IAG carriers British Airways and Iberia have been generating the majority of their passenger revenues from long-haul flights in recent months, driven by resilient demand for visiting friends and relatives (VFR) travel.
While long-haul travel has been particularly hard hit since the coronavirus crisis began, IAG points to resilient VFR traffic on long-distance routes in recent months even as travel restrictions have mounted. Set against the backdrop of reduced short-haul travel, it means long-haul is now driving the group’s passenger revenues.
”Conventional wisdom is that long-haul travel is the weakest segment currently. That has not been our experience,” said IAG chief executive Luis Gallego on a full-year results call today.
”Contrary to what some people think, long-haul bookings have outperformed international short-haul for IAG since September,” he says.
In July and August long-haul accounted for around 40% of BA’s passenger revenues and half of Iberia’s. By January, almost 90% of BA’s passenger revenues were generated from long-haul, and around two-thirds of Iberia’s.
Gallego says: ”Clearly North America, BA’s biggest long-haul market, has been weak due to the restrictions, although North American routes have been a fairly constant 15-20% of BA revenue since July, and approximately 10% for Iberia.
”But other long-haul routes have been stronger, in particular Latin America, West Africa and the Indian sub-continent. Visiting friends [and relatives] traffic is a significant component of the traffic on these routes and this traffic has supported connecting traffic, despite local travel restrictions.”
He adds: ”VFR is currently the strong segment and is more relevant to long-haul than to short-haul. Long-haul leisure demand has proved to be just as pent-up as short-haul, especially this winter outside of lockdown. Caribbean, United Arab Emirates and Indian Ocean routes have been particularly strong for BA, and the Caribbean for Iberia.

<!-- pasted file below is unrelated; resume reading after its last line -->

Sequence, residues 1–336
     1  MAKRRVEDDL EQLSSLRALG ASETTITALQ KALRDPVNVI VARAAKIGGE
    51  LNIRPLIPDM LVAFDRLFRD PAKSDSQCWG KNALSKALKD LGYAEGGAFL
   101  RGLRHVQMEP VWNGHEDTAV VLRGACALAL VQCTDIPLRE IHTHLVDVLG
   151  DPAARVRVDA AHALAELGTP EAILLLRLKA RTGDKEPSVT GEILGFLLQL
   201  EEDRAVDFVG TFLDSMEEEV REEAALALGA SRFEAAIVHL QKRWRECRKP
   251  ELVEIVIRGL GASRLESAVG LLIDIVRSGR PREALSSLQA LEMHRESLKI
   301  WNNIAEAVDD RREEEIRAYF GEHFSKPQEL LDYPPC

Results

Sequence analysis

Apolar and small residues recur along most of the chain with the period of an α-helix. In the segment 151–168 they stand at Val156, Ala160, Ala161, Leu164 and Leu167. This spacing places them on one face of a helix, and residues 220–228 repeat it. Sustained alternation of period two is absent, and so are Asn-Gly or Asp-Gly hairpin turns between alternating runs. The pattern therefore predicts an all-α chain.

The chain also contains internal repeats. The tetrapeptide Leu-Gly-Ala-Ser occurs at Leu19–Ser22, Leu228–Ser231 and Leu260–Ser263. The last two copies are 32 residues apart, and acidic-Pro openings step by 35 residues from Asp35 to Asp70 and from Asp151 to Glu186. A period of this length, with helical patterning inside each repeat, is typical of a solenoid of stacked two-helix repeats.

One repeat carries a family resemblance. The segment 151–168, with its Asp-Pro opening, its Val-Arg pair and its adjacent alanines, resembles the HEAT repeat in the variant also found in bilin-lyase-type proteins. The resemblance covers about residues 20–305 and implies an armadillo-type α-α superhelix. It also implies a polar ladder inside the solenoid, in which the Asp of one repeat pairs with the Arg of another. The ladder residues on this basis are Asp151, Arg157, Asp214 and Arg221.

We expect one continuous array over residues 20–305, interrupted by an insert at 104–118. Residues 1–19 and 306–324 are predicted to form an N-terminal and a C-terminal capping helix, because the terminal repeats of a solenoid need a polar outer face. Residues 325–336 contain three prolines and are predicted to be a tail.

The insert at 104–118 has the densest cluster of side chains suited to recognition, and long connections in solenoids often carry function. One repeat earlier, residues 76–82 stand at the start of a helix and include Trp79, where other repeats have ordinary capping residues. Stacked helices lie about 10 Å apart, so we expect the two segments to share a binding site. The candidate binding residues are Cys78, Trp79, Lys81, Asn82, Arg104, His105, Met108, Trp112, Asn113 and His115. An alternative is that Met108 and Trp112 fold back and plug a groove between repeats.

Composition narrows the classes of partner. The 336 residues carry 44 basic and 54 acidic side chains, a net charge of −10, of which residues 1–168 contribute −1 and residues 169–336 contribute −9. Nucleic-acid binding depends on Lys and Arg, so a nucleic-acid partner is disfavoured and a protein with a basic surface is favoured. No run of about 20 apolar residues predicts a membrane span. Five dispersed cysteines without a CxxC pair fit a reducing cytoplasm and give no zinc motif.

”We have seen the people that want to see friends and relatives, they can tolerate more easily restrictions to travel or on movement at their destinations,” he says.
By contrast, Gallego adds that restrictions on movement at destinations is limiting demand from customers wanting a holiday or break.
“In the case of work [travel], we think after the quarantine is removed, there are a lot of customers that are willing to travel…and there are lot of activities that require face-to-face meetings,” he says.
IAG today posted an operating loss of €7.43 billion ($9.1 billion) for 2020 as it was forced to cut passenger capacity by two-thirds – though it was able to boost cargo revenues 17%. The group has not provided capacity guidance for 2021 beyond the first quarter.
”For the first quarter capacity is likely to be around 20% of 2019 levels,” says Gallego. ”We have very low expectations for Easter, which is normally a big period for travel. The outlook beyond the first quarter remains highly uncertain.
”The vaccination programmes in some of our main markets should lead to an improving recovery in international air travel as the year continues, as long as they are joined by the relaxation of border restrictions and quarantine requirements. However, the pace of re-opening international travel is still unclear. Should the situation worsen, you can be sure we will take further actions to cut expenses and boost liquidity.”
IAG executives though point to pent-up demand for air travel, evident in booking spikes which have followed the ending of lockdown announcements – which it again reported after the UK Government recently outlined a preliminary roadmap for easing restrictions.
”We have seen in 2020 that there is a strong willingness to travel once restrictions have lifted,” says Gallego. ”The willingness of the people is there, but its true that the demand return is tied to the level of travel restrictions we have in place.”
IAG chief financial officer Steve Gunning says: ”We can ramp up pretty quickly. It varies by [operating company]. I think BA could ramp up to 70% of 2019 [capacity] by the summer, I think Vueling can ramp up much quicker than that and can probably get up to almost 100% of capacity.
”So our ability to ramp up if there was demand and restrictions and regimes is allowed, we could make the most of a strong summer period by putting capacity into the market.”